This section is from the book "The Gardener's Monthly And Horticulturist V22", by Thomas Meehan. See also: Four-Season Harvest: Organic Vegetables from Your Home Garden All Year Long.
The experience of some years enables me now to speak of some American varieties of Gooseberries as grown here in Rochester somewhat extensively.
The Downing holds a good place as a strong and very healthy grower, never, under any circumstances failing to produce a very abundant crop; without a trace of mildew and with very remarkably good foliage. The quality of the fruit I cannot call best.
Smith's Improved never mildews, is as large or larger than Downing, of better quality and equally productive; but the plant is not as strong a grower, needs higher manuring an some pruning; also is more liable to lose its foli age more or less before the fruit is past.
Hudson, raised by Joseph H. Ricketts, proves with me the finest in quality of all the Gooseberries I have ever tasted. In size it is larger than either Downing or Smith's Improved, and has never shown a trace of mildew; which, along with its style of growth, leads me to the conclusion it must have come from the seed of American or cross breed stock. The foliage is thick and glossy, but liable to drop some before the fruit is all past.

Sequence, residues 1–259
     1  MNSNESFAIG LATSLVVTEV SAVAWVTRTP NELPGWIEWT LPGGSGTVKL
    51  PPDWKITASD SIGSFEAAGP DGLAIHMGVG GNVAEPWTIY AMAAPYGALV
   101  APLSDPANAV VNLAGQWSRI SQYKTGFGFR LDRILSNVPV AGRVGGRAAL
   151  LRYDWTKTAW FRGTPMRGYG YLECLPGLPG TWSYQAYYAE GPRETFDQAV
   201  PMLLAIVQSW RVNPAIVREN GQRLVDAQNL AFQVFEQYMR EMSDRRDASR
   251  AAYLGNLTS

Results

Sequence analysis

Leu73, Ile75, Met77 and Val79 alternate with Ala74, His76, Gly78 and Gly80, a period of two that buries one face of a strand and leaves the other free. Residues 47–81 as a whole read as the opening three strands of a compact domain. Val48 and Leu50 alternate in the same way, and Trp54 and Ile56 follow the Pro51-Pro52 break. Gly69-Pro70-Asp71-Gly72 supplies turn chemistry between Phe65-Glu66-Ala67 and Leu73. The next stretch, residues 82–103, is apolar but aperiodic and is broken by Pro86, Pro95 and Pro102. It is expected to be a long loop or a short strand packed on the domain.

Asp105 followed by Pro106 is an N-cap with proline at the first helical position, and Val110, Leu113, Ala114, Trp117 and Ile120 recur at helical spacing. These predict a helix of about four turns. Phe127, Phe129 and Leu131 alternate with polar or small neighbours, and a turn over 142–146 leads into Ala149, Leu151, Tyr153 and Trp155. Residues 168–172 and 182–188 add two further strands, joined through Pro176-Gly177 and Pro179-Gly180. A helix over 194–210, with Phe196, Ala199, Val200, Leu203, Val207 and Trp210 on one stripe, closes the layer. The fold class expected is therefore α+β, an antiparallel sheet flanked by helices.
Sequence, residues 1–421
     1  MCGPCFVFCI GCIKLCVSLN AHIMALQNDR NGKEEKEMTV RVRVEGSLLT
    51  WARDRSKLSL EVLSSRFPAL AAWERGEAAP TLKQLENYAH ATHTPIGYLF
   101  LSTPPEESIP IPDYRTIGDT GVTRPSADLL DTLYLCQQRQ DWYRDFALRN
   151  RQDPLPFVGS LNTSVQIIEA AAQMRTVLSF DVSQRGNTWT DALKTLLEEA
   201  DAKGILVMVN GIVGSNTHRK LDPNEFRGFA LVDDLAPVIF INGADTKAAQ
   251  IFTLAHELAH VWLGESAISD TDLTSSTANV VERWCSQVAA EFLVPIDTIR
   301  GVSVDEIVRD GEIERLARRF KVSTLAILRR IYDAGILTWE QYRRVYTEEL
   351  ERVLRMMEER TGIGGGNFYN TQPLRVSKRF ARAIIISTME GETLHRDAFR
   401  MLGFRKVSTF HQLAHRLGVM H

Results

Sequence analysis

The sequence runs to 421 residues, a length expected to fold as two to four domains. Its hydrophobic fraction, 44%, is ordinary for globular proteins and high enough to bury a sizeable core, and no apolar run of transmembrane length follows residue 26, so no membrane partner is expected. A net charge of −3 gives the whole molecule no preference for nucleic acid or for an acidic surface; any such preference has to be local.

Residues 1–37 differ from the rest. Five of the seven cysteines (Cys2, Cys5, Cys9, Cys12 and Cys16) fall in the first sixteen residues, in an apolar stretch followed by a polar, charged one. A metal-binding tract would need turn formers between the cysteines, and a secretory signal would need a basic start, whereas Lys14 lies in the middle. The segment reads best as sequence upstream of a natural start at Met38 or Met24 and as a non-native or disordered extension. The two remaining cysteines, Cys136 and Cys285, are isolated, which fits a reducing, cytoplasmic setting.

New Seedlings. I am this year fruiting a quantity of seedlings raised from several American varieties, with the following general results: Seedlings from the Downing follow the parent so closely that the variations are slight, one only-going back to a wild dark fruit, with thorns on the berry. Seedlings from Smith's Improved also, in most instances, are similar to the parent; but a few are colored, and one, a fine round, red berry, seems to promise excellence. Seedlings from Houghton vary somewhat in color, time of ripening, and vigor, but not much improvement in size.
Seedlings from Mountain are, I think, more interesting and hopeful than the others, because along with the large growth, comparatively thornless shoots, and immense crops, some of the seedlings show larger size, finer quality and earlier period of ripening than the old Mountain seedling. I mean to further test some of the more promising ones, hoping that this very cheaply grown fruit may one day be found to reach higher than it now does with those who are critical in their taste, and look for early Gooseberries to be as firm as Delaware Grapes.